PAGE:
London Markets: FTSE 100 pares gain as Trump backtracks on Brexit criticism

U.K. stocks pared their gains into the close on Friday as the pound swung higher after U.S. President Donald Trump backtracked on his criticism of Theresa May’s Brexit plans and said a U.S.-U.K. trade deal is still possible.

The pound had traded sharply lower earlier in the day after a bombshell interview with Trump in the Sun newspaper in which the U.S. president said May’s Brexit strategy may “kill” Britain’s chances of a trade deal with the world’s largest economy.

How markets are moving

The FTSE 100 index UKX, +0.14% rose 0.1% to close at 7,661.87, after trading as high as 7,716.24 earlier in the day. For the week, the London benchmark ended 0.6% higher, breaking a two-week losing run.

The pound GBPUSD, +0.0682% traded at $1.3215, up from $1.3206 late Tuesday in New York. Sterling fell to as low as $1.3102 following the Sun interview.

What’s driving the market?

U.K. stocks had opened with firm gains, largely supported by a sharp fall in the pound after Trump, in an interview with The Sun newspaper published late Thursday, said U.K. Prime Minister Theresa May’s plan for a so-called soft Brexit would damage the likelihood of a trade deal between Britain and the U.S.

Sterling weakness can bolster revenue made overseas by multinational companies, which are heavily weighted on the FTSE 100.

“If they do a deal like that, we would be dealing with the European Union instead of dealing with the U.K., so it will probably kill the deal,” said Trump, whose comments were published as May hosted a formal dinner for Trump on Thursday night.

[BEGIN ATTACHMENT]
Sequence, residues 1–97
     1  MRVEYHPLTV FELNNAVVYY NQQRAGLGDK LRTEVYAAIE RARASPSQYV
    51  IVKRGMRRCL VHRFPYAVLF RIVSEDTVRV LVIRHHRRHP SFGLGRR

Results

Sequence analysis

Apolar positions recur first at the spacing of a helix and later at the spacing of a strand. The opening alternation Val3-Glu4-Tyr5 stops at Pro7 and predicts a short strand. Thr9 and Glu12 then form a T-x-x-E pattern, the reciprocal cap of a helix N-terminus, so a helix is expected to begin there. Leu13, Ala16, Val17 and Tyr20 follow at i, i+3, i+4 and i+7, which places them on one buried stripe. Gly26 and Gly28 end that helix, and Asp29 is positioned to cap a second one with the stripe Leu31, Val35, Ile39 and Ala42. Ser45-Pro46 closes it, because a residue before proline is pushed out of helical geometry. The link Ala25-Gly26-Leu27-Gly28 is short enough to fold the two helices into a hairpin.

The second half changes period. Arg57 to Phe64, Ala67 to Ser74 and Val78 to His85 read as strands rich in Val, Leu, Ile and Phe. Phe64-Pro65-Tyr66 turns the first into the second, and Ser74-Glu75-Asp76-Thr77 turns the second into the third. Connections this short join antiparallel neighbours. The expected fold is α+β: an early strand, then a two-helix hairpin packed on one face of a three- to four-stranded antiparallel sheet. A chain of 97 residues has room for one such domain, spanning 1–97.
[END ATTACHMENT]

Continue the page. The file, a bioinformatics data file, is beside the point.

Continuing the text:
The U.S. president, however, on Friday backtracked his criticism of May, saying at a joint press conference that he still supports a post-Brexit trade deal with the U.K.

May’s government on Thursday published a 120-page report that provided further details on the vision for the U.K.’s future relationship with the European Union, which was agreed at a Cabinet meeting last week. The strategy calls for frictionless trade in goods between the U.K. and the EU, prompting critics to say that wouldn’t amount to a clean break by the U.K. from the bloc.

Check out: U.K. government rules out push for ‘mutual recognition’ of financial services regulations

What strategists are saying?

Friday’s gain “seems like satisfactory conclusion to five days of political tension and upheaval. In the U.K. the Prime Minister remains in place, and, far from enduring a deeply embarrassing press conference with President Trump, has actually come away with a reiteration of the importance of the Special Relationship (always a big point for any U.K. leader) and some choice quotes about Brexit that she will no doubt use in the chamber next week to good effect,” said Chris Beauchamp, chief market analyst at IG, in a note.

“Even sterling has managed to rally, pushing off the lows of the week at the sight of an outbreak of U.K./U.S. unity that will play well among all but the most disaffected of the Tory party. Stock markets continue to enjoy the period of calm that has followed the apparent intensification of trade wars earlier this week, and, for the time being, it looks like the latest dip in equities has been bought once again,” he added.

Stock movers

DCC PLC DCC, +3.70%  rose 3.7% after the support-services group backed its outlook for fiscal 2019 and said it acquired two businesses for a combined value of £110 million ($145 million).

Diageo PLC DGE, +0.70% DEO, +0.44%  ended up 0.7% after a ratings upgrade at Goldman Sachs to buy from neutral of the liquor maker, whose brands include Johnnie Walker and Baileys.

Ashmore Group PLC shares ASHM, +0.86%  rose 0.9% even as the investment manager said its assets under management fell by $2.6 billion in the second quarter as net inflows were offset by an investment loss.

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